Automatic detection of security vulnerabilities in network applications

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Federal research minister Anja Karliczek attending a demonstration of the Crasht

Federal research minister Anja Karliczek attending a demonstration of the Crashtest Security software at CEBIT. (Image: BMBF / Classen)

Entrepreneurship

The start-up Crashtest Security develops software for automatic detection of vulnerabilities in web applications. The company, originally established by students of the Technical University of Munich (TUM), has now been awarded second prize in the CEBIT Innovation Awards in recognition of the outstanding user friendliness of the software.


Checking web applications for security vulnerabilities takes work, time and money. To address this problem, the founders of Crashtest Security GmbH have automated the security check for web developers. Their software uses artificial intelligence to seek vulnerabilities that are otherwise difficult to detect. In this way, Crashtest Security protects web applications, mobile apps and the Internet of Things against cyber attacks. The software is especially useful for web development teams that lack special IT security skills.

The underlying idea was created by three former TUM informatics students in a course assignment in which participants were asked to develop an online banking application. To perform a security check, they hacked into the applications developed by the other teams. After realizing how much work was involved in performing the check manually, Janosch Maier, René Milzarek and Daniel Schosser automated some of the steps. This later served as the basis for developing a security scanner, which became the prototype for their business model today.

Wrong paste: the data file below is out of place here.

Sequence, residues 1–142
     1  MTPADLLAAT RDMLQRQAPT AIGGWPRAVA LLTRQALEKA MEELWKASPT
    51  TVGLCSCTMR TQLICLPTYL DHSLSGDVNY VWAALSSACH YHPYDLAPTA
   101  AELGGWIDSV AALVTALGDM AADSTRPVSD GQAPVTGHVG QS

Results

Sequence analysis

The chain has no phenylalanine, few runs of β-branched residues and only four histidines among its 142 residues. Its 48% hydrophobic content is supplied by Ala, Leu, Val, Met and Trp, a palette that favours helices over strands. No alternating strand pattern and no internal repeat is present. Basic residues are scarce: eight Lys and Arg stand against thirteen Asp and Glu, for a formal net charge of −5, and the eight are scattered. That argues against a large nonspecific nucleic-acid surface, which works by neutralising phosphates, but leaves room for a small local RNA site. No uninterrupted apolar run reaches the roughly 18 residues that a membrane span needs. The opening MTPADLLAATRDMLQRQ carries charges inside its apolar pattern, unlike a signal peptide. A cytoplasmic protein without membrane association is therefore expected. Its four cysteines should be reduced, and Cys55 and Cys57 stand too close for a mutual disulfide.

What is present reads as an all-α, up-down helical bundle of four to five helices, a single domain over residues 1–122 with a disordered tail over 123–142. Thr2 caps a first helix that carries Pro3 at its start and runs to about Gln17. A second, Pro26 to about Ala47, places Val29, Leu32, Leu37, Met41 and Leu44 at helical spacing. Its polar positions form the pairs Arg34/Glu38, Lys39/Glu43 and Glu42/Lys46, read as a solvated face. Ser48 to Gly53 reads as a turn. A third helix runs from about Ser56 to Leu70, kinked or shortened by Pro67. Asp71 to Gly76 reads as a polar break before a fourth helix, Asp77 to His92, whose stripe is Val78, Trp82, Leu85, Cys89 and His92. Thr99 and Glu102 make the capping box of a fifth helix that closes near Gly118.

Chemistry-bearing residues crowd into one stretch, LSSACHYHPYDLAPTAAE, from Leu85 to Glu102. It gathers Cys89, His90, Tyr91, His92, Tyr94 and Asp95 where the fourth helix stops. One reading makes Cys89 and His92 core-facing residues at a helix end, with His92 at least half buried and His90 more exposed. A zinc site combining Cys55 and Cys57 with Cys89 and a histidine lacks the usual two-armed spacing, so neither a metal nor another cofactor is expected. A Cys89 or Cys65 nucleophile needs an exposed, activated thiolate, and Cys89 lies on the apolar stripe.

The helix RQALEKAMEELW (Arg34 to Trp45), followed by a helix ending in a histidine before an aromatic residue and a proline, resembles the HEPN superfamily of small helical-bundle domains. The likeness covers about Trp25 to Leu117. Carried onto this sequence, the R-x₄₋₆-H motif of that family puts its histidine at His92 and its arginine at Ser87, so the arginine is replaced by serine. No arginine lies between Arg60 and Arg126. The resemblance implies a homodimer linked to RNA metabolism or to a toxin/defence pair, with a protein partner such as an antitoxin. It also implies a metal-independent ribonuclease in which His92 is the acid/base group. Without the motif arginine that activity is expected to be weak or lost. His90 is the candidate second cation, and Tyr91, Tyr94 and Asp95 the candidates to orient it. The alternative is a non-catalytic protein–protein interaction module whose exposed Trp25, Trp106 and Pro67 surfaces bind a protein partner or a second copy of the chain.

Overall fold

Self-testing for vulnerabilities


The winners of the CEBIT Innovation Awards are selected by the Federal Ministry of Education and Research and Deutsche Messe AG. This year’s second prize went to Crashtest Security in recognition of its excellent ease of use. "New customers just need to log in to start an immediate check of their applications," says Janosch Maier. After vulnerabilities are detected by the software, the web developers can take action themselves to eliminate them with the help of easy-to-follow explanations in a security wiki resource. Federal research minister Anja Karliczek presented the company founders with the award, which comes with a cash prize of 30,000 euros, at the CEBIT trade fair in Hanover last week. Attendees at the world’s biggest IT fair had the opportunity to test the product of the TUM spin-off for themselves.

Start-ups need support


On their path from the initial idea to a market-ready product, the Crashtest Security team was advised and supported by the TUM Start-up Advising team. The founders also received support from other students. While the three informatics students tinkered with their idea in an office space in TUM’ s "incubator" , students at the TUM School of Management looked into possible market entry scenarios. Today the young company, with managing director Felix Brombacher, has its own management expert. In the beginning, Prof. Florian Matthes was on hand as a technical mentor. He does research in software engineering for business information systems at TUM. This enabled the founders to successfully apply for the EXIST program, a federal scholarship fund that provides start-ups with up to a year of financial support.

UnternehmerTUM , the Center for Innovation and Business Creation at TUM, helped the young entrepreneurs prepare for their market launch. The XPRENEURS program gave them access to coaching and a network of entrepreneurs along with funding. A major benefit of that program: the network contacts gave Crashtest Security early access to investors. The start-up, which was established in February 2017, now has seven employees. More than 250 users have signed up for the award-winning security scanner.

TUM takes first place in "Start-Up Radar" rankings


According to the latest "German Startup Monitor" report, TUM leads all German universities for the number of start-ups generated. Every year TUM spawns around 70 spin-off companies. The outstanding support provided by TUM is confirmed in the "Start-Up Radar", a survey conducted by the German business community’s innovation agency (Stifterverband für die Deutsche Wissenschaft), where TUM also placed first.